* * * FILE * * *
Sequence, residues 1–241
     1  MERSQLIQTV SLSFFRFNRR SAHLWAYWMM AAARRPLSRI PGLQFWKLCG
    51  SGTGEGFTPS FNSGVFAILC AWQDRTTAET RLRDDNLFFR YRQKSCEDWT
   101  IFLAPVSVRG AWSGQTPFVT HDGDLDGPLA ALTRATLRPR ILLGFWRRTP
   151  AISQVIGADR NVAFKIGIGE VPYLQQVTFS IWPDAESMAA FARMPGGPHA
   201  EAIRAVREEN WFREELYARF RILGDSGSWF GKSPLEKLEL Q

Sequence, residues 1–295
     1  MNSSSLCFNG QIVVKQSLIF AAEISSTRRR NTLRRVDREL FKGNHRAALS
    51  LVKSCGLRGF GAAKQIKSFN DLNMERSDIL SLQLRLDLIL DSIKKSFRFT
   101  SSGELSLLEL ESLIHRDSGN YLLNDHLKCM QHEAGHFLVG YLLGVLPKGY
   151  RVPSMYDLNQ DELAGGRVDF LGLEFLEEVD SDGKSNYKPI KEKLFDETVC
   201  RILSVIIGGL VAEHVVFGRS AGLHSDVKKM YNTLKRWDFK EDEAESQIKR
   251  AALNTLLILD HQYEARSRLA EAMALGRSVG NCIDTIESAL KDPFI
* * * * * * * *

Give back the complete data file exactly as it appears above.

Sequence, residues 1–241
     1  MERSQLIQTV SLSFFRFNRR SAHLWAYWMM AAARRPLSRI PGLQFWKLCG
    51  SGTGEGFTPS FNSGVFAILC AWQDRTTAET RLRDDNLFFR YRQKSCEDWT
   101  IFLAPVSVRG AWSGQTPFVT HDGDLDGPLA ALTRATLRPR ILLGFWRRTP
   151  AISQVIGADR NVAFKIGIGE VPYLQQVTFS IWPDAESMAA FARMPGGPHA
   201  EAIRAVREEN WFREELYARF RILGDSGSWF GKSPLEKLEL Q

Sequence, residues 1–295
     1  MNSSSLCFNG QIVVKQSLIF AAEISSTRRR NTLRRVDREL FKGNHRAALS
    51  LVKSCGLRGF GAAKQIKSFN DLNMERSDIL SLQLRLDLIL DSIKKSFRFT
   101  SSGELSLLEL ESLIHRDSGN YLLNDHLKCM QHEAGHFLVG YLLGVLPKGY
   151  RVPSMYDLNQ DELAGGRVDF LGLEFLEEVD SDGKSNYKPI KEKLFDETVC
   201  RILSVIIGGL VAEHVVFGRS AGLHSDVKKM YNTLKRWDFK EDEAESQIKR
   251  AALNTLLILD HQYEARSRLA EAMALGRSVG NCIDTIESAL KDPFI